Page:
Careers clinic

30th January 2009 at 00:00
Our experts answer your questions

Is it goodbye to a golden hello?

I've completed one term's induction, but left my job after an accident. Now I'm fit to work again, albeit nervous, but there are no jobs in my subject. How do I complete my NQT year now? Do I assume I wave goodbye to my golden hello?

There is no time limit between starting and finishing induction, although the sooner you do so the better. However, there is a 16-month limit on how long you can do short-term (anything less than a term) supply work. The clock starts ticking from your first day on supply as a qualified teacher. Keep in touch with your local appropriate body for induction. They often hear about vacancies first.

Golden hellos are only given to shortage subjects so I'm wondering why you say there are no jobs. Perhaps they're not being advertised at the moment but there are likely to be increasing numbers from now on, with a deluge in the four weeks after the Easter holidays. However, there'll be lots of new teachers coming out of training and looking for a post so you need to work hard to try to secure one soon and for this school year, using your term's experience to advantage.

Try to keep your skills and knowledge up to date. Supply work isn't that plentiful and will be hard so you might want to try some voluntary teaching helping friends while job hunting. It will get your name around and boost your confidence.

As for the golden hello, you should be OK. You claim it within a year of completing induction so long as you are employed by a school and teaching the shortage subject. SB

I want to apply for another job.

I'm an NQT and the only specialist in my department. During the first term my head of department went off sick, and as far as I'm aware they won't be back anytime soon.

As a result of this I have had to write all the schemes of work as there were none in place and essentially run the department. This has been a fantastic experience but, as you can imagine, also quite stressful as an NQT.

I want to apply for another job, but what is the most professional way to explain my situation on the application form? I don't want to come across as negative but at the same time want to be honest.

You don't need to explain your reasons for leaving. Just say why you want to work in the school you are applying for. If you are asked, you just say how you are looking for new opportunities for professional development. To be honest, the focus will be on why you want to move to that school, not from your old one. JH

How can I stand out from the masses?.

I'm a head of department at an independent school and looking to become a deputy head. I'm driven and have taken all of the opportunities that have come my way throughout my relatively short career. I ascended to the role of head of department in three years. I don't want to lose momentum, as I'm getting lots of pleasure and good feedback from the management responsibility I have been given, but I want to develop further.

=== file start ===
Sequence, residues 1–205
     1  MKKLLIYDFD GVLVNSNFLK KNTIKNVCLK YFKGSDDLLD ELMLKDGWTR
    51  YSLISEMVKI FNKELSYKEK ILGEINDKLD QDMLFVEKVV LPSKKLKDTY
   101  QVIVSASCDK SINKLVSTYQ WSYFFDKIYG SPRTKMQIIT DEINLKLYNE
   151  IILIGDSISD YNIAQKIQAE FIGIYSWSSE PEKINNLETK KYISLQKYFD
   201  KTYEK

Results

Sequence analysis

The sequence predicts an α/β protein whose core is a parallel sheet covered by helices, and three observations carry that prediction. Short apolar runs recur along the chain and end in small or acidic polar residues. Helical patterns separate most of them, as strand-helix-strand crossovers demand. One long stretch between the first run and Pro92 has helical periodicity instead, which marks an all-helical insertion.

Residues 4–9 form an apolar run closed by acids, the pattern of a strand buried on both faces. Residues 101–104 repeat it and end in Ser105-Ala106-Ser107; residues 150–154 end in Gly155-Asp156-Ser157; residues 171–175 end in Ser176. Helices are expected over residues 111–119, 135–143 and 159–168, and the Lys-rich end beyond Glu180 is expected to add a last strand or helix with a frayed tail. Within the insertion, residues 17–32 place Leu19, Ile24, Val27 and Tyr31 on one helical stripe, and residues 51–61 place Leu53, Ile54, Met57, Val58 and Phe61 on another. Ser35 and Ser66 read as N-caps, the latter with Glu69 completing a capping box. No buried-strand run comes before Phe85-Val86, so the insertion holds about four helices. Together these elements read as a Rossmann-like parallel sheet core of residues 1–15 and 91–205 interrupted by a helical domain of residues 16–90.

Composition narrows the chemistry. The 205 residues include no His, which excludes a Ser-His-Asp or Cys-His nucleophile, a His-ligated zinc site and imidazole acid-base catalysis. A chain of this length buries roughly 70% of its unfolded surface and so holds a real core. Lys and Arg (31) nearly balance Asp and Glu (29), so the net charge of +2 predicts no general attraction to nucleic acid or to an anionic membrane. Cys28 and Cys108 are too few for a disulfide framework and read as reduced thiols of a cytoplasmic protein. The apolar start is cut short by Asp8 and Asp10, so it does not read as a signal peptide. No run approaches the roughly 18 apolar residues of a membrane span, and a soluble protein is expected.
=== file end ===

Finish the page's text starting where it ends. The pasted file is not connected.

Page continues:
What should I be looking for in terms of professional development that would make me stand out from the crowd? Should I look into the courses from the National College of School Leadership, and if so which ones? Or is there an alternative route? Cost is also an issue as I would be footing the bill myself.

- The NCSL courses might be useful, especially if you are thinking of switching to the maintained sector or an academy.

Anything that provides preparation for first senior management posts is what you should be looking at. However, an alternative is to do a higher degree with a leadership component, as that may give you a wider perspective than NCSL courses.

Don't ignore your professional associations and those for school leaders as they offer useful short courses on preparation for leadership.

Unfortunately, you will have to pay your fees, but with secondary head salaries now often in excess of Pounds 120,000, the investment could pay dividends. JH

Do I need to collect evidence?.

I've been told by my induction tutor that I don't need to collect any evidence for the core standards. Is this true?

You don't need to collect and file extra evidence because you will have stacks of stuff from your everyday work that demonstrates your meeting of the standards. You will have planning, pupils' work and reports.

Since you are judged from now on by the headteacher rather than an external person, everything you do should be evidence enough.

Where someone has said that you are not meeting the standards to a high enough degree - say, your marking isn't detailed enough - keep evidence of your improvement. SB

John Howson worked as a secondary school teacher in London for seven years before moving into teacher training. He is now a recruitment analyst and visiting professor of education at Oxford Brookes University.

Sara Bubb was a primary teacher before becoming a teacher trainer. She is now an education consultant, lectures at the Institute of Education in London and has written on induction and professional development.

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